When you are in pain it is hard to function. People who have osteoarthritis of the spine, hips or knees have difficulty getting around, let alone exercising. There are no perfect drug solutions for treating this kind of inflammation. We were surprised to learn that some doctors are still prescribing opioid pain relievers for osteoarthritis. That might have been common a decade ago, but these days it seems inappropriate. What else can people do when they are in chronic pain? Why aren’t more doctors prescribing topical NSAIDs?
Opioids for Osteoarthritis?
Q. I have osteoarthritis of the knees and back. Some days I can barely get out of bed. My primary care doctor advised me to take hydrocodone every eight hours as needed.
Taking opioids regularly worries me, so I haven’t taken this medicine recently. What else can I do to deal with the pain and stiffness?
Alternatives to Opioids?
A. You and millions of other arthritis sufferers are caught between the proverbial rock and a hard place. Oral medicines like opioids or NSAIDs (celecoxib, diclofenac, ibuprofen, naproxen, etc) have potentially serious side effects. You can read more about oral NSAIDs at this link.
Opioids Were No Better Than…
In a study published in JAMA (March 6, 2018), opioids proved no better for osteoarthritis than medications like acetaminophen, oral NSAIDs, antidepressants (amitriptyline, etc) or liniments containing capsaicin or lidocaine.
What About Topical NSAIDS?
Topical NSAIDs such as diclofenac gel or patch (Flector patch, Voltaren Gel, etc) may have fewer systemic side effects than oral medicines (British Journal of Sports Medicine, May, 2018). Some people get substantial benefit from topical NSAIDs while others are super sensitive to side effects.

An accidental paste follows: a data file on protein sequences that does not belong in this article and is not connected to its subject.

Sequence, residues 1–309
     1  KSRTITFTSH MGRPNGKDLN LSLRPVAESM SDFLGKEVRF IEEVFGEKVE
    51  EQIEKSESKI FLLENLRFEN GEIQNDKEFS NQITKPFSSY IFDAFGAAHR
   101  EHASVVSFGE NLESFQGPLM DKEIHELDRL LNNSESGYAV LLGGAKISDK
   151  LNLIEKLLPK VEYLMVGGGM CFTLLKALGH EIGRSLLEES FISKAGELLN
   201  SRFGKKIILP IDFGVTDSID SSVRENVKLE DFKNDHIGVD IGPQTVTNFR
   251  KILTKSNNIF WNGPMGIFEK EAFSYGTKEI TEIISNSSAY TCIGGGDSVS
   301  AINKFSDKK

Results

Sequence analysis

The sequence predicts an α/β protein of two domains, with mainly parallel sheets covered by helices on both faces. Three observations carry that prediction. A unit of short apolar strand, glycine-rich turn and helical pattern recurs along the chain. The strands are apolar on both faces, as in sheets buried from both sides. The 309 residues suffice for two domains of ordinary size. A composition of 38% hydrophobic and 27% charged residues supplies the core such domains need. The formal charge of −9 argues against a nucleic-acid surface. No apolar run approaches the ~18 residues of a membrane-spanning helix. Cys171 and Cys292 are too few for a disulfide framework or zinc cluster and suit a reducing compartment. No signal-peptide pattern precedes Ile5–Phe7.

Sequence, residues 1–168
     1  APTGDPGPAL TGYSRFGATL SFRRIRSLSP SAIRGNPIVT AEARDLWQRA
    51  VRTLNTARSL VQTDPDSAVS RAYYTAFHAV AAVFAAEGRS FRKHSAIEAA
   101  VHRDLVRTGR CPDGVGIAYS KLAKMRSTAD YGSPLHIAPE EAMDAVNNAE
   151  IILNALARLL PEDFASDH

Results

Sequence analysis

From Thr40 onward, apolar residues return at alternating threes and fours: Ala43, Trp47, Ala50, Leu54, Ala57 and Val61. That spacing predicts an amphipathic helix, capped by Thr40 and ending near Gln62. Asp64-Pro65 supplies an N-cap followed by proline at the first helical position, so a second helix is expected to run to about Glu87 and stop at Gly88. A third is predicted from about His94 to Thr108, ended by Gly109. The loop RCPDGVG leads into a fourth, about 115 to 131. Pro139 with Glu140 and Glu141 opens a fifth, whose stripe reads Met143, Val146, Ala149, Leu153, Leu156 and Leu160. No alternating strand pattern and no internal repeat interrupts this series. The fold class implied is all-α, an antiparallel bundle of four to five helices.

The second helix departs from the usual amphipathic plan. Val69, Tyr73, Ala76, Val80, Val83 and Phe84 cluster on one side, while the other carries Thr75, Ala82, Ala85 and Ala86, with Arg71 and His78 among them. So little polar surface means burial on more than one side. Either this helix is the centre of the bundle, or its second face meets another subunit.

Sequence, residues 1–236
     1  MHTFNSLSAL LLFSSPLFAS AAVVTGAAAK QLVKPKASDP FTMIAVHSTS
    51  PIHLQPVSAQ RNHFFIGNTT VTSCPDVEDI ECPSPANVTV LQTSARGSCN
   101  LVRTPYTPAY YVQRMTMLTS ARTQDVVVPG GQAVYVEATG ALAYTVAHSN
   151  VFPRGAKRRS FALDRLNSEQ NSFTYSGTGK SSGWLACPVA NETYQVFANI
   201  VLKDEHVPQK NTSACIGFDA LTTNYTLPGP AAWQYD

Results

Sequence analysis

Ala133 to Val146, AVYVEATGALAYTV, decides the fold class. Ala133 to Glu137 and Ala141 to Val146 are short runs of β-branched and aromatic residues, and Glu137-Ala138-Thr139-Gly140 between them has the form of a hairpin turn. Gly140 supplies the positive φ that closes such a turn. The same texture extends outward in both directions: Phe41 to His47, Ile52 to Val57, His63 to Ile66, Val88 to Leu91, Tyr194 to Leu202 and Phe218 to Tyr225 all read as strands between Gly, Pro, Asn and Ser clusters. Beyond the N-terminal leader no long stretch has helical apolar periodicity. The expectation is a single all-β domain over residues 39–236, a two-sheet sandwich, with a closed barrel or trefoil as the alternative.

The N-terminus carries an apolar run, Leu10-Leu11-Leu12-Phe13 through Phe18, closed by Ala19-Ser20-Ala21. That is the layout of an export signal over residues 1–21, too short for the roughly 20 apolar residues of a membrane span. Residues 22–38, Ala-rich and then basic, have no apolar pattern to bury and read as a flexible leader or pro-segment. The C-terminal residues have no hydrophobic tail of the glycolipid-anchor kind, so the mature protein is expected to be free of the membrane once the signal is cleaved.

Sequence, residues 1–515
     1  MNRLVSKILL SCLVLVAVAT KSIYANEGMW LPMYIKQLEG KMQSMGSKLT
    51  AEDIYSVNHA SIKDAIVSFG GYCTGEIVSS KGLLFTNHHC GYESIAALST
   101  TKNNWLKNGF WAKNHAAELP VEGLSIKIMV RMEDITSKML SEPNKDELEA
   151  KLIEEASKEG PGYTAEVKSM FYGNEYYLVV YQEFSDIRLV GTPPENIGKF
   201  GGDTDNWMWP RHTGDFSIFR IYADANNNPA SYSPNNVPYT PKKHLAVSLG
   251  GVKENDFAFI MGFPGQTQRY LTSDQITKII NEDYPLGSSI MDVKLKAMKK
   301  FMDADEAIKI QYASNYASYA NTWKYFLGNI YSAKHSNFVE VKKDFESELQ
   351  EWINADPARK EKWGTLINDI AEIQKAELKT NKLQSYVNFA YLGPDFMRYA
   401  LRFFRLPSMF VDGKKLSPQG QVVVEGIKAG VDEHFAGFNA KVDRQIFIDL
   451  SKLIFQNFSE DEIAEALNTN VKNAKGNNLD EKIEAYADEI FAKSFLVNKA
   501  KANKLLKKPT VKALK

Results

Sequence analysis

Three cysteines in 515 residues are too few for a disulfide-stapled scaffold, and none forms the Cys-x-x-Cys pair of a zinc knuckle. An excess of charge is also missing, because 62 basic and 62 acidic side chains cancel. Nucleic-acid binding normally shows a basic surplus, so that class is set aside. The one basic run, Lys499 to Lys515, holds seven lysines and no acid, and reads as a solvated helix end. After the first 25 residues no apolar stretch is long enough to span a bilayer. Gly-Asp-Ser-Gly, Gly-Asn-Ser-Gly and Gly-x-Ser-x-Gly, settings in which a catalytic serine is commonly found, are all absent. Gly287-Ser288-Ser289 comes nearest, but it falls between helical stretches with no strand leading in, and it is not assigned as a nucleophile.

Readers Share their Stories with Topical NSAIDS:
William in California got relief from the Flector Patch:
“I went off Celebrex after many years and switched to Pfizer’s “Flector Patch,” which gave me twice the pain relief of Celebrex.”
Chas in New Jersey reports:
“I have been using Diclophenac gel (previously Voltaren Gel) for years for my arthritis pain, ever since the price of Flector patches went through the roof. I have never had any adverse effects with either version of diclophenac gel, abdominal or otherwise, except occasional skin irritation.”
Harriet in Connecticut loves her “magic patches”
“I’ve been using Voltaren Gel and Flector patches( I have called them “magic patches” for years. Oral NSAIDS cause me major stomach pains. I use the gel for knees, feet, and hip arthritis pain and it works well enough so I can continue on my demanding exercise schedule.
“These meds are not going through your liver, kidneys and other sensitive internal organs at the same rate as oral meds. So far, and this is 3 years and counting, I’m not having any reaction issues. I get these meds at my local Connecticut pharmacy. They do require a prescription from my doctor.”
Tom in Spokane, Washington developed a skin sensitivity to topical NSAIDs like Voltaren Gel:
“About 15 years ago I was prescribed Voltaren Gel (VG) for chronic pain on the top of my foot. I used it with moderate to great success for about two years. At that point I developed a severe rash. I had developed an allergy to this topical medicine. When I stoped using VG the rash stopped. This past January I developed medial tendonitis in my right elbow. I attempted to use VG and once again got a severe rash within about 3 days.”
Jesse in Texas could not tolerate topical NSAIDs:
“I used Pennsaid gel and within weeks developed painful stomach problems diagnosed as gastritis by upper GI scope. The doctor said it was caused by Pennsaid. I was told never to take an NSAID again. That is unfortunate because it was the only thing that gave any pain relief for my knees. I had with a torn meniscus. The burning GI pain kept me awake at night until it healed.
“The Pennsaid gel had a warning that it can cause heart damage, ulcers and death. So now, despite having CRPS (Complex Regional Pain Syndrome) I am going to have knee surgery. It may not be helpful at all and could make me worse.”
Learn More About Alternatives for Arthritis!
You can learn more about the pros and cons of topical NSAIDs as well as nondrug approaches to easing joint pain in our book, The Graedons’ Guide to Alternatives for Arthritis. It is $12.95 plus $4 shipping and handling from:
Graedon Enterprises, Inc., AFA
PO Box 52027
Durham, NC 27717-2027
You can also order it from online book store at www.PeoplesPharmacy.com.